In response to deteriorating air quality in the Delhi-National Capital Region (NCR), the Supreme Court has issued a firm directive, requiring the governments of Punjab, Rajasthan, and Haryana to take immediate action to prevent stubble burning by farmers. The Court emphasized that this practice is a major contributor to air pollution.
The bench, comprising Justices Sanjay Kishan Kaul and Sudhanshu Dhulia, has assigned the local State House Officer, under the supervision of the Chief Secretary and the Director General of Police, the responsibility of preventing crop burning. Additionally, the Court has mandated a meeting to be held tomorrow among the states of Punjab, Haryana, Uttar Pradesh, and Rajasthan to ensure the immediate cessation of crop burning.
Furthermore, the Supreme Court has instructed the Delhi Government to ensure that municipal solid waste is not burned in the city during the open, which has been a common practice. The amicus curiae in the case, Senior Advocate AparajithaSingh, informed the Court that the smog towers installed by the Delhi Government, as per previous directions, are not functioning. The Court expressed its concern and directed the Delhi Government to take immediate action to repair the smog towers.
The Court has also directed the Delhi Government to ensure that only taxis registered in Delhi are allowed to operate in the capital, as a significant number of taxis from other states with only one passenger are currently plying in the national capital region.
Justice Sanjay Kishan Kaul, presiding over the bench, made it clear that stubble burning must stop, and the responsibility falls on the local administration to take necessary actions to achieve this goal. The Court emphasized that while it is concerned with the issue of stubble burning, it acknowledges that it is not the sole cause of pollution but is a significant contributing factor.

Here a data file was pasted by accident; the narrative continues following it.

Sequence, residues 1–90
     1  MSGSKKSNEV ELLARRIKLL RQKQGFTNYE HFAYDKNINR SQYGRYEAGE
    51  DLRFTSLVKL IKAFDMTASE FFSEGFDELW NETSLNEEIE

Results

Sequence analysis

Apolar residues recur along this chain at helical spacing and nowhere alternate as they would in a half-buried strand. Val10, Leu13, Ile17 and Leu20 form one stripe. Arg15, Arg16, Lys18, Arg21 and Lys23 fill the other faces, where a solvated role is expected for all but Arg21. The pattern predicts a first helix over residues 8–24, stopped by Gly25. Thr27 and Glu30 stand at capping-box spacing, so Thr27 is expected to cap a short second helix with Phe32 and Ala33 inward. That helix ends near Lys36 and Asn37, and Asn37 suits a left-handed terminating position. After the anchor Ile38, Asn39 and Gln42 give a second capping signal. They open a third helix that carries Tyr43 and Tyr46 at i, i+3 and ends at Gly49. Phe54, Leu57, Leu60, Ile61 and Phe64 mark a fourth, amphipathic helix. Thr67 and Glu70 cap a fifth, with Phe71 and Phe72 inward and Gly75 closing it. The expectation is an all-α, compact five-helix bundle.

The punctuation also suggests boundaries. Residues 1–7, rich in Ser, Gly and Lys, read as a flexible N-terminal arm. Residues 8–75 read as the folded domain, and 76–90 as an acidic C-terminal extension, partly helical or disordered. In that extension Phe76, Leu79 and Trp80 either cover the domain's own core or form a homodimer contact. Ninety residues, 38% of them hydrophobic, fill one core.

The Advocate General of Punjab, Gurminder Singh, recognized the need to address crop burning but cited economic reasons behind this practice by farmers. He suggested that the central government provide subsidies for necessary facilities and proposed transitioning from paddy cultivation to other crops, exploring alternative Minimum Support Prices for different crops.
In its order, the Supreme Court highlighted the need to shift to alternative crops other than paddy, particularly since paddy is not native to Punjab. The Court underlined that this change is essential to avoid recurring stubble burning problems and noted the central government’s ongoing policy to encourage the cultivation of traditional crops.
The Court called for prompt action from all stakeholders and directed the Cabinet Secretary to convene a meeting with all concerned parties on the issue. Additionally, the Court instructed the State of Punjab to strictly enforce the Punjab Preservation of Subsoil Water Act 2009.
The Court has scheduled a hearing for the upcoming Friday to monitor the progress of these directives. It emphasized the urgency of addressing the issue, stating that the health problems faced by Delhi residents necessitate immediate attention and court oversight, regardless of whether the situation improves.